Betty Hinton MP Column
It's satisfying to know Ottawa had no choice but to listen when it came to the wishes of the people of this riding. My thanks to everyone who's backed me up in trying to get timely action (in Ottawa) on the funding for those impacted by the forest fires, BSE and softwood lumber.
A letter from Claudette Bradshaw, Minister of Labour and minister responsible for the Homelessness projects, confirms that Kamloops Salvation Army received $50,000 under SCPI (Supporting Communities Partnership Initiative). The money used to assist those rendered homeless as a result of the fire.
It was also gratifying to receive word last week that Ottawa paid the provincial government some direct funding to cover firefighters wages and related costs. I was pleased to see the minister react so quickly to our requests. The first federal installment of aid to B.C. - $100 million - was welcome news. It is the Province's mandate to disperse the funds. Meeting immediate needs of families is, in my opinion, paramount.
The second priority is of course long-term viability for the North Thompson. The people of our area pulled together to clothe and feed the fire victims. This second stage, rebuilding, will require as much, if not more, cooperation from all levels of government, the residents and private enterprise. It's important to listen to the people because only a project accepted by the people themselves will have a chance of success.
There are numerous ideas being put forth. Those I submitted to federal ministers in August, were the result of listening to affected residents. Those submissions were supported in writing by 16 regional district directors, four mayors and the chairman of the regional district, but remain unanswered. This week others will be submitted in Ottawa by regional district, and I continue to hear more ideas daily from residents. What we need now are answers.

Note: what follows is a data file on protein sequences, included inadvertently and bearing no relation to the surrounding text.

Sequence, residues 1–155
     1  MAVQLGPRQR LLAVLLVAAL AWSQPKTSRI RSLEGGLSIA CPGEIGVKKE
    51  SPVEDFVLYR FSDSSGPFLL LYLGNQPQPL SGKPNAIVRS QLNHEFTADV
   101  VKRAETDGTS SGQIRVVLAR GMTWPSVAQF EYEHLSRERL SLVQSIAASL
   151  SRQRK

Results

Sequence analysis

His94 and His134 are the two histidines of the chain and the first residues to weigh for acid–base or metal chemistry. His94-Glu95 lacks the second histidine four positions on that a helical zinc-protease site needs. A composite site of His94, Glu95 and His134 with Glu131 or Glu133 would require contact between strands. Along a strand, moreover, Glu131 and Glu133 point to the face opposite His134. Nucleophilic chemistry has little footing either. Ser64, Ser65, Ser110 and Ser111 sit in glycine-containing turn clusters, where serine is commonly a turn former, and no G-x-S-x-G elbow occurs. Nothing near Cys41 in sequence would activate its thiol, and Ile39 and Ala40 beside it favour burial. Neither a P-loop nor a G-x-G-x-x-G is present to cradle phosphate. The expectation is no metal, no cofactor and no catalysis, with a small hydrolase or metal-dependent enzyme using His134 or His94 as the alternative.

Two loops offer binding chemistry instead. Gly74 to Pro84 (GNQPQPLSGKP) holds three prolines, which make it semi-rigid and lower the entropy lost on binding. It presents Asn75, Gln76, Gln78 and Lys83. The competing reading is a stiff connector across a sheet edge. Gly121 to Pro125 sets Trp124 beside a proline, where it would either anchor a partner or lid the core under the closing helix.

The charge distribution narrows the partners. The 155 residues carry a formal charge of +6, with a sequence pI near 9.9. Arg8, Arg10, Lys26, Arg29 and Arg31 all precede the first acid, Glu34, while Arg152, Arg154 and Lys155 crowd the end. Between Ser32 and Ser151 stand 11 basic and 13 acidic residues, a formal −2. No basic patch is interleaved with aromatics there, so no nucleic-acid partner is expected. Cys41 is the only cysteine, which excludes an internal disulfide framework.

"Kitchen table" discussions are where start. It will take entrepreneurship to make ideas work. Government is there to serve the people, to ensure equal opportunity, and assist those needing a "hand up." I do not believe government should, or could, operate a business. I've seen too much evidence to the contrary. Building infrastructure is another task that all levels of government need to be involved in but that is not, in my mind, disaster-relief work
Some of the ways our region can attract the necessary private dollars and expertise is through local tax incentives, waiving of permits, assistance in finding appropriate land and getting quick re-zoning. The infrastructure to do this is all in place. We don't need to hire anyone to do this.
Getting the word out to businesses, worldwide, is in part looked after by Venture Kamloops, but residents have a role to play. That was the reason behind the Ambassador Program started by my office to get individual and business travelers promoting the region. While I'm in Ottawa working, staff are involved with Kamloops Marketing Alliance. Many groups including the city, chamber, private businesses, etc are working hard to coordinate all efforts at marketing the region. Hopefully, by spring we'll see some fruits of their efforts.
Some days I'm frustrated because I have to be in Ottawa instead of in the riding, rolling up my sleeves and being hands-on, but I realize that you sent me to Ottawa to represent your needs and wishes in this arena - and that I have to continue to speak out in the House, in the corridors, and at every function where I meet my colleagues from all parties, on the needs of the people of my riding. I do this on a daily basis. The conversations often pay dividends. It will be my pleasure in the near future to host MPs from all parties to our riding. We will jointly present a cheque donated by individual members of parliament to fire victims in our area. Some things are above politics and this All Party gift is a perfect example.
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